These chocolates should be X-rated. They are so delicious and so adult, you may want to eat them in private to fully languish in the experience. I found myself audibly reacting to the Guava Pâté de Fruit resting on its oh-so-perfect layer of dark ganache. Just superb. If you had told me I would adore that particular combination I would have been highly doubtful, so it’s always important to keep an open mind. This particular little delight is adorned with a white winged alpaca, their mascot and guardian angel.
Before I regale you with the other seven flavors I was lucky enough to try, let me tell you about the Lieu sisters who co-founded Socola Chocolatier. In 2001, when Wendy was 19 and Susan was 16, they began experimenting with chocolate. Within a month they had a farmer’s market stall right in front of their parent’s nail salon in Santa Rosa. They named the company Socota because it means “chocolate” in Vietnamese. After Susan finished her degree at Harvard, she went to Vietnam to work on sustainable cocoa development with USAID. Meanwhile, Wendy studied pastry arts. In 2008 they returned to the kitchen and began concocting their unique truffles.
On to the truffles:
Vietnamese Coffee is typical of the sisters’ deft work. The ganache is ultra-creamy while the thin shell cracks from perfect tempering. On a riff of the classic Vietnamese drink, espresso is mixed with condensed milk and dark E. Guittard chocolate to the benefit of all three.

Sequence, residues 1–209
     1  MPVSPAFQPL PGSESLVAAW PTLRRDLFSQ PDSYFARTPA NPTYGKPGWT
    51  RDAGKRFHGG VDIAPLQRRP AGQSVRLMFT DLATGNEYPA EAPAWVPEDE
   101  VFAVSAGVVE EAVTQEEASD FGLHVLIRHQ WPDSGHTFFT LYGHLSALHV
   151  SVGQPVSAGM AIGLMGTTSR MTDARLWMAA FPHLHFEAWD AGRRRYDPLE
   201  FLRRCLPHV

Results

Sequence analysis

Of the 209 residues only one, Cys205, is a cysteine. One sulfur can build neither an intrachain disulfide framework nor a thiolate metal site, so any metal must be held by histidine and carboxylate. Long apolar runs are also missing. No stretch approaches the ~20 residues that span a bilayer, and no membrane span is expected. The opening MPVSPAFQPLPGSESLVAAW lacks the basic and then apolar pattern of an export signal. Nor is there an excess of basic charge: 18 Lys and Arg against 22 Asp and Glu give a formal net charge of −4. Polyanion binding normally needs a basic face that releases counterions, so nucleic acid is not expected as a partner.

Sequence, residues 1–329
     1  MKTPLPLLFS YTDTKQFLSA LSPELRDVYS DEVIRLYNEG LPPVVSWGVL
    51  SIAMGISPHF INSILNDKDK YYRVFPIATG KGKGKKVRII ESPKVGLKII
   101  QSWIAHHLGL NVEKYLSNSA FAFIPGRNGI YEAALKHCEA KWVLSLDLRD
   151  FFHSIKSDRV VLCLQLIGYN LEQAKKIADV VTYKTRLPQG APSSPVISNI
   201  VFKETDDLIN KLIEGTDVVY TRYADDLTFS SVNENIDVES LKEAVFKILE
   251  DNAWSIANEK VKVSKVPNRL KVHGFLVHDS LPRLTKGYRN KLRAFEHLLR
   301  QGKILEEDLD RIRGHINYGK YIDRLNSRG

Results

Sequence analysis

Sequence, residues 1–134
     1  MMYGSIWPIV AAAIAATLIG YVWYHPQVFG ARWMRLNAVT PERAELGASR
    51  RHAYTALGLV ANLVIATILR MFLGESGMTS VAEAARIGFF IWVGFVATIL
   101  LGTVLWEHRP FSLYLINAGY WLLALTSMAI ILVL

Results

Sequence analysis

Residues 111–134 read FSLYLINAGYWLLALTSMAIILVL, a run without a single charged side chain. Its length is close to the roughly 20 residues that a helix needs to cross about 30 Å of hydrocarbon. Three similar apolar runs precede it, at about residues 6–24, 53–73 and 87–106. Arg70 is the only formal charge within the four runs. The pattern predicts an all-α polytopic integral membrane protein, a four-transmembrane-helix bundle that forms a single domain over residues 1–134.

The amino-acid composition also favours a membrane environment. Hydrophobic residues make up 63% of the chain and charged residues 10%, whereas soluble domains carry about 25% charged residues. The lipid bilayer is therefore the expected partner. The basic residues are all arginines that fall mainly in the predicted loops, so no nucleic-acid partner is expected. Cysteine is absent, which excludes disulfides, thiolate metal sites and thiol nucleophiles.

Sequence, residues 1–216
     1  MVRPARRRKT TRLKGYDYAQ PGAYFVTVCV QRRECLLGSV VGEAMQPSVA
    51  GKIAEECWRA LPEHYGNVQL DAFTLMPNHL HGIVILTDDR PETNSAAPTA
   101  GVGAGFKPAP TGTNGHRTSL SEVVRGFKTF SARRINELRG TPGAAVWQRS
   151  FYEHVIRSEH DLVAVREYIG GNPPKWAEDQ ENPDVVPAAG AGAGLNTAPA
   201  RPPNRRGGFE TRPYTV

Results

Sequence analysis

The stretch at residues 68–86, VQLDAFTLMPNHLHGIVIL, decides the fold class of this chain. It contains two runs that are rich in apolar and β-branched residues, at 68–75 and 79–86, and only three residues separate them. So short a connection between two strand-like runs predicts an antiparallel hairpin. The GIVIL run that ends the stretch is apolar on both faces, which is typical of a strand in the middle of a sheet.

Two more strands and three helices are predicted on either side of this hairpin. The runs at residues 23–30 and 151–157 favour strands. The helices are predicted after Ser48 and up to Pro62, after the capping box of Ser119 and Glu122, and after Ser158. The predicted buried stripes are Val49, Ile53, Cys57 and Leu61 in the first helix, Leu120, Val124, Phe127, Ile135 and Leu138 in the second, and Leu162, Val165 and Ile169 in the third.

Rogue Brewery Shakespeare Stout (5%) has the same great textural counterpoint of all their truffles with the lovely addition of stout.
Burnt Caramel may be an homage to Vietnamese Flan. It’s almost a misnomer to call it burnt, as whatever extra caramelizing went into this ends up adding another layer of flavor, rather than standing out in any way you might associate with the word “burnt.”
Pumpkin Burnt Caramel has strong pumpkin flavor and a touch of salt which seems to make the truffle’s finish linger.
Chai Baba Chai is delicately enhanced with chai spices, which balances the flavors, rather than overpowering the chocolate.
Champagne tastes of dark chocolate and is a good counterpart to the three other flavors in this Winter Collection.
Hazelnut Praline is also gently flavored. This restraint prevents the hazelnut flavor from predominating.
Unlike some high-end chocolatiers, the Lieu sisters do not produce a bitter truffle. Theirs are bittersweet. It’s an important distinction, as the lack of sugar is appropriate in an 85% bar, but sorely missed in a truffle.
My two jewelry sized boxes, each containing four small truffles, were an appealing combination of aqua and brown with a thin brown ribbon asymmetrically placed at one end. What a poetic presentation for someone who loves serious chocolate.